Of concern are patients who live in rural areas who might have trouble accessing primary care physicians. Most physician groups and mental health providers are based in urban areas such as Medford, which presents a challenge to rural dwellers on fixed incomes who might have trouble making trips into town to receive care.

"The CCOs will do what they can to ensure patients can see health care providers on a timely basis," says Wentz. "Access is a concern in rural Oregon."

Most of the 90,000 people on the waiting list for the OHP will begin receiving letters in the coming week telling them they may qualify for the expanded coverage.

Many of these people still won't qualify for OHP, Wentz says, but they will be eligible for subsidies when they purchase insurance through the state's online marketplace.

In Jackson County, it's estimated that about 23,000 uninsured people earn between 139 and 400 percent of the federal poverty limit, making them ineligible for the Oregon Health Plan but eligible for some sort of subsidy on their private health insurance premiums when they buy through Cover Oregon.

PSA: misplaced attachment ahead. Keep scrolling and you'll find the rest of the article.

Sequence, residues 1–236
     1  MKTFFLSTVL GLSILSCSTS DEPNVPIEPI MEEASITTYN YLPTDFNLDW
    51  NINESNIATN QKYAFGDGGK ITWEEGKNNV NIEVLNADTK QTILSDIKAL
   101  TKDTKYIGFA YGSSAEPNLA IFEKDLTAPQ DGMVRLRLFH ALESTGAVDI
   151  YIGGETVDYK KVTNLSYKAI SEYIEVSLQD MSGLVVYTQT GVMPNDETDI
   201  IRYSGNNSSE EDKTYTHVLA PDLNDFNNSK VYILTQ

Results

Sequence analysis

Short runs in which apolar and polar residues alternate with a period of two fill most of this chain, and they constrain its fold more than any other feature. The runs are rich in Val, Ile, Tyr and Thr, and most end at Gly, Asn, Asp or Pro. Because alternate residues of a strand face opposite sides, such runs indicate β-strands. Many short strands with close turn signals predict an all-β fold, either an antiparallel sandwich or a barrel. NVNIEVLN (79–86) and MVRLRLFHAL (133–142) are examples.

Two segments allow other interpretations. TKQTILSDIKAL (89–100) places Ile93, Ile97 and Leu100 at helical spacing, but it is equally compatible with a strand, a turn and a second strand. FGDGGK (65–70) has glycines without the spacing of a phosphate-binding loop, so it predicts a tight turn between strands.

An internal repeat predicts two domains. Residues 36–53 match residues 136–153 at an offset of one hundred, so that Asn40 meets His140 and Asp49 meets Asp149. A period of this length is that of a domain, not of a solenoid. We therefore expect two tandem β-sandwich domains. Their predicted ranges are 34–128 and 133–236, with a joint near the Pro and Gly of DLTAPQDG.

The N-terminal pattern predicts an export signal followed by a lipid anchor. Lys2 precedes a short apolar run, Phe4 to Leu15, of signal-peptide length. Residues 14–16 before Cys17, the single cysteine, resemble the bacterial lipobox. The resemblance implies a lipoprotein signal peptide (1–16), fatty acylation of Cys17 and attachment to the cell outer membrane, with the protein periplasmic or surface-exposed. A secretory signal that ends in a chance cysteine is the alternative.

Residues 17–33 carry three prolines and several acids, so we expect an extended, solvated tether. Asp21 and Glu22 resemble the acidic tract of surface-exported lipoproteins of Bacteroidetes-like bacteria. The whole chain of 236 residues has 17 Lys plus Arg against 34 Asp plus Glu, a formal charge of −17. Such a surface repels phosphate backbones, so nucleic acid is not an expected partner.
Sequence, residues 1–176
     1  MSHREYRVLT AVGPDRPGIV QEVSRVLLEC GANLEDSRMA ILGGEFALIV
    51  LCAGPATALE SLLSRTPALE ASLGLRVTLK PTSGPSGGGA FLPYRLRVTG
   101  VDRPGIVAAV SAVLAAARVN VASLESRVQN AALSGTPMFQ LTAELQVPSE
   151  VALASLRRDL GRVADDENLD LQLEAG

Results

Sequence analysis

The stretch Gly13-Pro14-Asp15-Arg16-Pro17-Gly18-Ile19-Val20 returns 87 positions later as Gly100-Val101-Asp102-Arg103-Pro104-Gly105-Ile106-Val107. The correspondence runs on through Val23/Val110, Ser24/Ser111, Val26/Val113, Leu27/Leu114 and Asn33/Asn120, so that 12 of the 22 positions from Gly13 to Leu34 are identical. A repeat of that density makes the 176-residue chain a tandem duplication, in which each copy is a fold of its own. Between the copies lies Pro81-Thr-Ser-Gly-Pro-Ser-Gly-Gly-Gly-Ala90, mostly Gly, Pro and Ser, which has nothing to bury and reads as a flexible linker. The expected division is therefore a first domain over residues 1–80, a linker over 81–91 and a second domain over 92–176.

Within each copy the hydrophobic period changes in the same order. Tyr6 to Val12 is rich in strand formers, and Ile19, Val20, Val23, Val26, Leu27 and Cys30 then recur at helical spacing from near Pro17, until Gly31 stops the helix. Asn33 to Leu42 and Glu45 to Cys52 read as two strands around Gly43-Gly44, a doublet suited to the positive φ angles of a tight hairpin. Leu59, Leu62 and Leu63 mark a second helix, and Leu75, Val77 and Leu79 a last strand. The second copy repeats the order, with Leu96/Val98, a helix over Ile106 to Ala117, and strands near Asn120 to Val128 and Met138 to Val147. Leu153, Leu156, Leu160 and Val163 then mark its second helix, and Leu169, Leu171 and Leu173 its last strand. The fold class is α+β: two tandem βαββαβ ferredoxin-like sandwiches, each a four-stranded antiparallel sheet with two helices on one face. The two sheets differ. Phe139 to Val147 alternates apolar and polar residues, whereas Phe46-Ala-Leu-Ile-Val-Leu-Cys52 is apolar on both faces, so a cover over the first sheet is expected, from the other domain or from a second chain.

"We will refer them to Cover Oregon to find what they qualify for," Wentz says. "Most of them will qualify for financial assistance rather than the Oregon Health Plan."

People shopping for insurance through Cover Oregon will compare rates and plans offered by eight private insurance carriers to determine what coverage would best suit them. The financial assistance comes from federal subsidies that will help lower their premium costs.

Some residents who already are enrolled in the Supplemental Nutritional Assistance Program (SNAP, commonly referred to as "food stamps") will qualify for a fast-track enrollment process for the OHP. These people will receive information through the mail in the coming weeks on how to proceed into the OHP program.